The new iPad is said to be able to accurately map a room in seconds, and the tech is almost certain to filter into the 2020 iPhone 12. That means there could be close to 100 million devices capable of quickly mapping the environment out in the wild by the end of next year. This technology of course opens up a Pandora’s Box of privacy concerns — starting with, what’s Apple going to do with all these “maps” anyway? — but will also lead to some amazing applications. We can’t wait to get our hands on it.

3. Amazon will open grocery stores nationwide, while Microsoft and Google feasts on their cloud storage business

All eyes continue to be on Amazon, as the ecommerce Goliath looks to expand its physical footprint. 2019 saw Amazon continue to leverage its purchase of Whole Foods, but the premium nature of the Whole Foods brand (remember the old “Whole Paycheck” joke?) has Amazon looking at ways to attack the middle and lower end of the grocery market. Amazon Go concept stores have continued to pop up in new locations — there’s currently 18 automated outlets hawking grab-and-go items in big cities like New York and Seattle — but it’s hard to believe the company’s ambitions are limited to smashing together an Automat machine and a 7-11. A template of sorts may exist for Amazon in the form of Walmart Neighborhood Markets. Will the ecommerce giant follow the lead of an old-school brick and mortar titan and launch a discount grocery chain? 2020’s already looking weird!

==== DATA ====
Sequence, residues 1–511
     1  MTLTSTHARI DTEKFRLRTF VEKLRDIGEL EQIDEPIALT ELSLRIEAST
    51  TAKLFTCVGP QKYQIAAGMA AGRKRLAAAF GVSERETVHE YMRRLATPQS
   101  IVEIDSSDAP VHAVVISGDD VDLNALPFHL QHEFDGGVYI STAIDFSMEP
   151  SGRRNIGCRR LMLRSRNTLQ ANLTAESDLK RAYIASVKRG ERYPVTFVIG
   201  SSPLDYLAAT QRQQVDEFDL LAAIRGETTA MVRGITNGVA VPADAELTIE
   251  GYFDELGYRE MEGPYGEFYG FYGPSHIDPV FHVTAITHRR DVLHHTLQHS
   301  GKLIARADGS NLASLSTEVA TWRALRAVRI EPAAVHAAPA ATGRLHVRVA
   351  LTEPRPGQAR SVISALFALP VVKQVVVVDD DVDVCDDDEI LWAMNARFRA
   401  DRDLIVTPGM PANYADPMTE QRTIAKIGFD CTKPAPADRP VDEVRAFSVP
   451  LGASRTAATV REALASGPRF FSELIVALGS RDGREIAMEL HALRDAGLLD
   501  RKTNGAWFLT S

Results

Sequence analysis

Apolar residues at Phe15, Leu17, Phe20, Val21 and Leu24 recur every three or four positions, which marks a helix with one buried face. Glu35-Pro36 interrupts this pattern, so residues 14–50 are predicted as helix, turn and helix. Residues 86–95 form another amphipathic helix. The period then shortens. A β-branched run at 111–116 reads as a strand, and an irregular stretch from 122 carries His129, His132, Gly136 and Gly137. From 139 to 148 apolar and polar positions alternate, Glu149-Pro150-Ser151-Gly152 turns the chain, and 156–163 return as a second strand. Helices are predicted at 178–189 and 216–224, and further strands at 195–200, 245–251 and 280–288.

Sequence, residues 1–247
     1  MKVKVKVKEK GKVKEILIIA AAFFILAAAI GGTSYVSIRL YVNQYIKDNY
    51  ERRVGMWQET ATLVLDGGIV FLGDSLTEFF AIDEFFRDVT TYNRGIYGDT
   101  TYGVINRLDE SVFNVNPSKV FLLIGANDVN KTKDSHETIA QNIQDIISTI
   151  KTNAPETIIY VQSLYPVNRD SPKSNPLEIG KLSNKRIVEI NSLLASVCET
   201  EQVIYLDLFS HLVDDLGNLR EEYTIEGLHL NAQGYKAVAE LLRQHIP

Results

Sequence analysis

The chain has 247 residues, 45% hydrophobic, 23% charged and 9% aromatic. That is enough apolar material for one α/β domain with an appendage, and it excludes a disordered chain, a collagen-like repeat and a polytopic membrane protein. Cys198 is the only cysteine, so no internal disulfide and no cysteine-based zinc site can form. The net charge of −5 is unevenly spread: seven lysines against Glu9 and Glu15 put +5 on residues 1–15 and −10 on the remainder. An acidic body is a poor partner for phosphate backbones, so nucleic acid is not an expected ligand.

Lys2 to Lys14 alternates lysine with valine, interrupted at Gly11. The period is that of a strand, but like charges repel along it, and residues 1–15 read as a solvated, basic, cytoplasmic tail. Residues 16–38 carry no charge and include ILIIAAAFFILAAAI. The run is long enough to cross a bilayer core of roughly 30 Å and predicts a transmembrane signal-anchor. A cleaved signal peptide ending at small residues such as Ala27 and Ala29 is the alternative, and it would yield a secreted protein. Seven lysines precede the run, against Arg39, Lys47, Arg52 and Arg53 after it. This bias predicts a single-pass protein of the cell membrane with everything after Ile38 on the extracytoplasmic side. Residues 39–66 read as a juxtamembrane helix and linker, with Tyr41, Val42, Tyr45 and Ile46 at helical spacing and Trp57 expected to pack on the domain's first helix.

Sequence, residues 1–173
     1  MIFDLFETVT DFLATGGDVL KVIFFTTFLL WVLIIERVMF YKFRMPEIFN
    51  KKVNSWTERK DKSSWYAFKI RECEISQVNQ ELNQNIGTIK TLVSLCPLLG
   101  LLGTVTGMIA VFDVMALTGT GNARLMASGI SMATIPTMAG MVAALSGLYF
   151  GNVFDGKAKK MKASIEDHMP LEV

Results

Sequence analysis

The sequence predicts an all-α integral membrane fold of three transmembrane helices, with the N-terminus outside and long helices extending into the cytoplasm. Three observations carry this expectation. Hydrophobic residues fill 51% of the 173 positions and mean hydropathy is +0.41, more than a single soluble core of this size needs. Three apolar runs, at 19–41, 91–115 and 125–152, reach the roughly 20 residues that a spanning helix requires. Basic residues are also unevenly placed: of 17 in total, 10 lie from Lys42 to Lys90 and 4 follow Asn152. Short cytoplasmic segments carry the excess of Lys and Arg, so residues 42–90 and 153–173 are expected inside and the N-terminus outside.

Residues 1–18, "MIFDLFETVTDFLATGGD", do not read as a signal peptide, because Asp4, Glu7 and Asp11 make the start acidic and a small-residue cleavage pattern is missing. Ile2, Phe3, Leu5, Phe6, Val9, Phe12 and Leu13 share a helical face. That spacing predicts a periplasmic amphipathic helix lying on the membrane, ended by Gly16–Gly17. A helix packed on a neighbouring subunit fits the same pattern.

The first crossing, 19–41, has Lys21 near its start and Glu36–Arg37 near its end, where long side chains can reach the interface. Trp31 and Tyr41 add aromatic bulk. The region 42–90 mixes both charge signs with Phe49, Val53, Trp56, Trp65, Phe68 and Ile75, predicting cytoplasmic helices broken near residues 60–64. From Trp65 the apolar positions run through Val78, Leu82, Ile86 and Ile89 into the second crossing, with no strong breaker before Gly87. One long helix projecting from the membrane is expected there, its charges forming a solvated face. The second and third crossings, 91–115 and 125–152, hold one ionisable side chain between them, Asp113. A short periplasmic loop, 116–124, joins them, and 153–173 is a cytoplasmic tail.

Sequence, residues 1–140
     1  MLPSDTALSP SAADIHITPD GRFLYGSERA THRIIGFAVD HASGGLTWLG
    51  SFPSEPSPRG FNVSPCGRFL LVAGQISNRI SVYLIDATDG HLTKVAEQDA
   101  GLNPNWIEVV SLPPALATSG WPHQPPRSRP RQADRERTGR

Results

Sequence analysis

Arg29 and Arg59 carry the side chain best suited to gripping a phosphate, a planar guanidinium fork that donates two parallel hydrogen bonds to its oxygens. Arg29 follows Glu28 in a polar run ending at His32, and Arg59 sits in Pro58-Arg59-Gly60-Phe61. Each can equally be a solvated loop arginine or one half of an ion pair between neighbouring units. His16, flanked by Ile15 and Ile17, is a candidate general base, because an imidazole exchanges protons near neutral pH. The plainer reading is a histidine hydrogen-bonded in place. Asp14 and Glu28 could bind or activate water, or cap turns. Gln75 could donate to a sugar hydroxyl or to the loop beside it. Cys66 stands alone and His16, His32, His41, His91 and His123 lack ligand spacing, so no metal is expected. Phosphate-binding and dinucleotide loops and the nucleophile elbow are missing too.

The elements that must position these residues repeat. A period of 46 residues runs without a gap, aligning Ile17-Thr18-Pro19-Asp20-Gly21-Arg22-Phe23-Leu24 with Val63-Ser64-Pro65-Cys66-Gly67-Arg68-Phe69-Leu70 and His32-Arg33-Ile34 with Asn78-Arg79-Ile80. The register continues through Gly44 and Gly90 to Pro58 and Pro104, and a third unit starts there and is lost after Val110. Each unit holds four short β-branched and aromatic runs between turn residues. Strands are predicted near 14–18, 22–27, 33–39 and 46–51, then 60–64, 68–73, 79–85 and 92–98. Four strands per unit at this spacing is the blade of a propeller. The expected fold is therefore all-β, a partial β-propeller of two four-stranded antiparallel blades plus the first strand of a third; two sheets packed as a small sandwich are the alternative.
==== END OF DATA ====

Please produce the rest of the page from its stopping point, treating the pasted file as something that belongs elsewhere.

At the same time Amazon is staking its claim in the real world, deep-pocketed competitors like Microsoft and Google are making a competitive run at Amazon Web Services (AWS) lucrative cloud storage business. The backbone of the internet has been hosted by AWS for years, but 2018 saw Microsoft grab a $10 Billion government contract that seemed destined for AWS. (The President of the United States is not a big fan of Amazon’s CEO, which may have impacted the granting of the contract.) Meanwhile, Google continues to sign up big clients to its own web-services division, largely by undercutting AWS on price while offering a slightly different mix of services. AWS is still the leader in the industry, but competition is now fierce, and AWS is sure to see declining market share in the coming years. How will the company react? The answer to that question will influence technology trends for the next decade.